2
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I have a method that accepts user input. Additionally, it masks passwords then the input is a password. It also bypasses the prompt of if an env variable supplies the needed input.

Apparently, my code needs refactoring, but how?

def self.gets(args)
  array = []
  args.each do |arg|
    print "#{arg.to_s.capitalize}: "
    if ENV['AWESOMEAPP_'+arg.to_s.upcase]
      array.push ENV['AWESOMEAPP_'+arg.to_s.upcase]
    else
      if arg.to_s=~/password/
        array.push STDIN.noecho(&:gets).chomp
      else
        array.push STDIN.gets.chomp
      end
    end
    print "\n"
  end
  array
end
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2 Answers 2

1
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After reading @user1777136 s answer, I came up with this

module Awesome
  # Has methods that are similar to but extended versions                                                        
  # of core ruby methods                                                                                         
  module Extensions
    # Get multipe inputs from user                                                                               
    # Masks passwords if detected                                                                                
    # Bypasses prompt when ENV variables present                                                                 
    def self.mgets(names)
      names.map do |name|
        sgets(name)
      end
    end

    # single gets                                                                                                
    def self.sgets(name)
      print "#{name.to_s.capitalize}: "
      return env_sgets(name) if ENV['AWESOME_' + name.to_s.upcase]
      return secure_sgets if name.match?(/password/)
      STDIN.gets.chomp
    end

    # get from env variable                                                                                      
    def self.env_sgets(name)
      ENV['AWESOME_' + name.to_s.upcase]
    end

    # secure gets from stdin                                                                                     
    def self.secure_sgets
      STDIN.noecho(&:gets).chomp
    end
  end
end
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1
  • \$\begingroup\$ Nice one! Thats pretty clear now. Academically speaking, you could put the stuff into a class instead of a module and instantiate it with STDIN and ENV in order to abstract yourself from those two globals. \$\endgroup\$ Nov 1, 2017 at 13:15
0
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Granted I know nothing about the inputs and so on. But I see at least two responsibilities of the method:

  1. Printing something
  2. Returning an array of something

You might want to split the loop accordingly, which could give you:

def self.gets(args)
  array = []
  args.each do |arg|
    print "#{arg.to_s.capitalize}: "
    print "\n"
  end
  args.each do |arg|
    if ENV['AWESOMEAPP_'+arg.to_s.upcase]
      array.push ENV['AWESOMEAPP_'+arg.to_s.upcase]
    else
      if arg.to_s=~/password/
        array.push STDIN.noecho(&:gets).chomp
      else
        array.push STDIN.gets.chomp
      end
    end
  end
  array
end

This can help us further down the line. Nested if, if, else can be refactored to elsif. Rubocop can also tell you this. So the following will remove one level of nesting:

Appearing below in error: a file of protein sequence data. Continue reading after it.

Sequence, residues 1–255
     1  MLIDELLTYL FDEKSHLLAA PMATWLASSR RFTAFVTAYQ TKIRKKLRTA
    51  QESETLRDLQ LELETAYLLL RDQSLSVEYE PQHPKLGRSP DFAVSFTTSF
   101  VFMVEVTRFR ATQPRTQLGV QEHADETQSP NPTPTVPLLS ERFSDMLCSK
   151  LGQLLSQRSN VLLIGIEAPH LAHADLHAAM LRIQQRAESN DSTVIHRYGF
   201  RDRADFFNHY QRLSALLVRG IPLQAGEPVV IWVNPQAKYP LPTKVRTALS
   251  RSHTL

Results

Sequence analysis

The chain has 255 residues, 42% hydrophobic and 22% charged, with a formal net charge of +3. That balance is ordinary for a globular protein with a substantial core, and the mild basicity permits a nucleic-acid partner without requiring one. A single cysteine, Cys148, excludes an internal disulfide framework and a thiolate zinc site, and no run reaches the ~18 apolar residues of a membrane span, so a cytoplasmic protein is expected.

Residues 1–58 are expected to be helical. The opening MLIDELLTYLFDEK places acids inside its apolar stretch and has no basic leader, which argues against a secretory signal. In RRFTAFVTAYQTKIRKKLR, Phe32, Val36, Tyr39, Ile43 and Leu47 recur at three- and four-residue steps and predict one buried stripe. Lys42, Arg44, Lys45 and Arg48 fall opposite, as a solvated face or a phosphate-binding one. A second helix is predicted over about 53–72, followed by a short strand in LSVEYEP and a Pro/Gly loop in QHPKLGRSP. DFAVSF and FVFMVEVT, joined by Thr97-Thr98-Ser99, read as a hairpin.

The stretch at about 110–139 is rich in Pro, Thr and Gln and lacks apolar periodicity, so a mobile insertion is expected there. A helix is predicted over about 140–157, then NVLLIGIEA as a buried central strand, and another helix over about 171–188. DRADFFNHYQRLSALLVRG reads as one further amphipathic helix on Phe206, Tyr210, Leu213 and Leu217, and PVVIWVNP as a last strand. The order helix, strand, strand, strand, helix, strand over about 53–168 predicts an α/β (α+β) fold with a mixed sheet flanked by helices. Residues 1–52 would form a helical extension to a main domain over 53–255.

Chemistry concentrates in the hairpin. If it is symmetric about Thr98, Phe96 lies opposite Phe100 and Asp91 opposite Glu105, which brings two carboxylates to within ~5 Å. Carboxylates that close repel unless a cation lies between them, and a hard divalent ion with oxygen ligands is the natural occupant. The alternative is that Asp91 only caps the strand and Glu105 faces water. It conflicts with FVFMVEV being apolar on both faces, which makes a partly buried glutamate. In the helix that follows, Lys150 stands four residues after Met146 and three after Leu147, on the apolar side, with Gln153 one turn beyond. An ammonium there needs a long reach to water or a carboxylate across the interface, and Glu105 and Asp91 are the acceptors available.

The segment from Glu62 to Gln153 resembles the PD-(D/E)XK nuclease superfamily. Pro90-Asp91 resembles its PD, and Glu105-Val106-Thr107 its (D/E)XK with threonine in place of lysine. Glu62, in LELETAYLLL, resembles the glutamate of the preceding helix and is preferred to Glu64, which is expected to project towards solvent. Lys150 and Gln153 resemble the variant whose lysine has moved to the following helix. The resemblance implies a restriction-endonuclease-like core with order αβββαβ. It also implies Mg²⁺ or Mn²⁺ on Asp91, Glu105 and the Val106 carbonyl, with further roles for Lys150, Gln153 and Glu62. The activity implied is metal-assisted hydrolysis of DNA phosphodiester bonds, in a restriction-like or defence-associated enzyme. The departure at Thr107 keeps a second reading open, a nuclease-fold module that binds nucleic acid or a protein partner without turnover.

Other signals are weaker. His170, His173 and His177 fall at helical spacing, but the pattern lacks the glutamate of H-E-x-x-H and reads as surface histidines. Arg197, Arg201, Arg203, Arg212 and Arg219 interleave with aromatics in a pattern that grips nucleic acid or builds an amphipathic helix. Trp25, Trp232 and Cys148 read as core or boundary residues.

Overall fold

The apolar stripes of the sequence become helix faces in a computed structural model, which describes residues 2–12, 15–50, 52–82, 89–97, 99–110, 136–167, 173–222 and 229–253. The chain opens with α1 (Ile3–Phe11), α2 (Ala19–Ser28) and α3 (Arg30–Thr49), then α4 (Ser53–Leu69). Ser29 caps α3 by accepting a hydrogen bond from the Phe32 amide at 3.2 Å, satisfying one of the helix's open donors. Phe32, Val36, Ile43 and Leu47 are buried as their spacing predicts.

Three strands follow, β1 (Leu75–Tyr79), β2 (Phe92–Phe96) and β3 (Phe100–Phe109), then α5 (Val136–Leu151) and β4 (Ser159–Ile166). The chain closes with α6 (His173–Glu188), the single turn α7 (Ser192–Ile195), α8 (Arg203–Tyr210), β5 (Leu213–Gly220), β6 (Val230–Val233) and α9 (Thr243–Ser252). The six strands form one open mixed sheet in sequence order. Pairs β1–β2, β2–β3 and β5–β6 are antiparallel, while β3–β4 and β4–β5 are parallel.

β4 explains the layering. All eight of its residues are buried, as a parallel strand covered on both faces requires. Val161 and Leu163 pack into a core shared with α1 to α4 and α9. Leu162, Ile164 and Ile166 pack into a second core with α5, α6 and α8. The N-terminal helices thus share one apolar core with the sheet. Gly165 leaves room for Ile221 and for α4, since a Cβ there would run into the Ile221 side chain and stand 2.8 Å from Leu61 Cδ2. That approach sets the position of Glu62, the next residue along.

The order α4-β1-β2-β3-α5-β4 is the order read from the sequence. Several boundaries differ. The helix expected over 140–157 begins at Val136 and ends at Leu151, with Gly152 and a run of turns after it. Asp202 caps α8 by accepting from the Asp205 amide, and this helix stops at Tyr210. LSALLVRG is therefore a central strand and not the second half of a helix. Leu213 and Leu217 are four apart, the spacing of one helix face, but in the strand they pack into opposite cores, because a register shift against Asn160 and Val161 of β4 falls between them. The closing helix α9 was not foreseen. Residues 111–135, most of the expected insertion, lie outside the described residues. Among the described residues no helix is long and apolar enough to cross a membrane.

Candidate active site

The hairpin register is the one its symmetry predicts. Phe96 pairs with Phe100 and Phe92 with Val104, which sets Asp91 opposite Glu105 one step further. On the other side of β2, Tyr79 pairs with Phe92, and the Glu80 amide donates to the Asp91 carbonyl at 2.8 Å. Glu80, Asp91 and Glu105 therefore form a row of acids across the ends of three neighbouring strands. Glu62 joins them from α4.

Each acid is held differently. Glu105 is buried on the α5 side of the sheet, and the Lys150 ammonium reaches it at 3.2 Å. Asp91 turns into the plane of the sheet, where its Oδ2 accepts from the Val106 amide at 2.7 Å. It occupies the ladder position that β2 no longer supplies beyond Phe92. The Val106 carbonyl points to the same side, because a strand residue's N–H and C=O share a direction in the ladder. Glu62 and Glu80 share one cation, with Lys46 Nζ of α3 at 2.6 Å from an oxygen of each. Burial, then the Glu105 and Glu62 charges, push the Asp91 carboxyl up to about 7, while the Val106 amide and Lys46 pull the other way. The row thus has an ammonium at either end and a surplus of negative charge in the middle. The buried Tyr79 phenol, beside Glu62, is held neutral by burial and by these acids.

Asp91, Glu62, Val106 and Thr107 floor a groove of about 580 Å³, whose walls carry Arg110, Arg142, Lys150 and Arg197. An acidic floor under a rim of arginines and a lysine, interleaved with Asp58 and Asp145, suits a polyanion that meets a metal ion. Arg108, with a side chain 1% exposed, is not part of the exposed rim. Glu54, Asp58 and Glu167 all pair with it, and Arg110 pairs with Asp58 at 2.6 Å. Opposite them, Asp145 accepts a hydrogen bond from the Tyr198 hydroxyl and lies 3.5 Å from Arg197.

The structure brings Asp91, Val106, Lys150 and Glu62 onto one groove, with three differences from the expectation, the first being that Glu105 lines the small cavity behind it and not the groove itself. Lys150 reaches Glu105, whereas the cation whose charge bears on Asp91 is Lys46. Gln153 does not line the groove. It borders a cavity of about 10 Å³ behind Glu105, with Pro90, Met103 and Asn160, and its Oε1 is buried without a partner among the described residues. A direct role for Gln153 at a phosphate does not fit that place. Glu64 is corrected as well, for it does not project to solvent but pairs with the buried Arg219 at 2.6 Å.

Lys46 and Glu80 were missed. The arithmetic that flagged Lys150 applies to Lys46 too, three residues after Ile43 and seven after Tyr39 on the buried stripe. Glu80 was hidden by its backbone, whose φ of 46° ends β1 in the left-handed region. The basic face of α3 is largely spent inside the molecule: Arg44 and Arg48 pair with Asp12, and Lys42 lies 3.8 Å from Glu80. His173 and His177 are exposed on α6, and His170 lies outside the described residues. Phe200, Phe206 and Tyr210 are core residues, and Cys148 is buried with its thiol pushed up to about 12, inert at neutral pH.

def self.gets(args)
  array = []
  args.each do |arg|
    print "#{arg.to_s.capitalize}: "
    print "\n"
  end
  args.each do |arg|
    if ENV['AWESOMEAPP_'+arg.to_s.upcase]
      array.push ENV['AWESOMEAPP_'+arg.to_s.upcase]
    elsif arg.to_s=~/password/
      array.push STDIN.noecho(&:gets).chomp
    else
      array.push STDIN.gets.chomp
    end
  end
  array
end

Furthermore it looks like we are always returning something from the second loop. So building a new "collector" array (which has a not so great name of array) can be avoided. Which gives us:

def self.gets(args)
  args.each do |arg|
    print "#{arg.to_s.capitalize}: "
    print "\n"
  end
  args.map do |arg|
    if ENV['AWESOMEAPP_'+arg.to_s.upcase]
      return ENV['AWESOMEAPP_'+arg.to_s.upcase]
    elsif arg.to_s=~/password/
      return STDIN.noecho(&:gets).chomp
    else
      return STDIN.gets.chomp
    end
  end
end

Since Ruby will return the last evaluated thing in the method and we are mentioning args twice now we can even chain this:

def self.gets(args)
  args
    .each { |arg| print "#{arg.to_s.capitalize}: \n" }
    .map do |arg|
      if ENV['AWESOMEAPP_'+arg.to_s.upcase]
        return ENV['AWESOMEAPP_'+arg.to_s.upcase]
      elsif arg.to_s=~/password/
        return STDIN.noecho(&:gets).chomp
      else
        return STDIN.gets.chomp
      end
    end
end

Finishing this off by extracting a method or two will lead us to:

def self.gets(args)
  args
    .each(&:print_arg)
    .map(&:read_arg)
end

def print_arg(arg)
  print "#{arg.to_s.capitalize}: \n"
end

def read_arg(arg)
  if ENV["AWESOMEAPP_#{arg.to_s.upcase}"]
    ENV["AWESOMEAPP_#{arg.to_s.upcase}"]
  elsif arg.to_s =~ /password/
    STDIN.noecho(&:gets).chomp
  else
    STDIN.gets.chomp
  end
end

Now I am pretty sure I have broken your code, but this can give you an insight into what you could do.

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2
  • \$\begingroup\$ you certainly broke the behavior, but your use if maps gives me some inspiration \$\endgroup\$ Oct 31, 2017 at 17:17
  • 1
    \$\begingroup\$ the print "#{arg.to_s.capitalize}: " has to happen just before gets, because it's a prompt. IF we have ten prompts, we shouldn't batch print, as I said the prompt should print and then gets \$\endgroup\$ Oct 31, 2017 at 17:18

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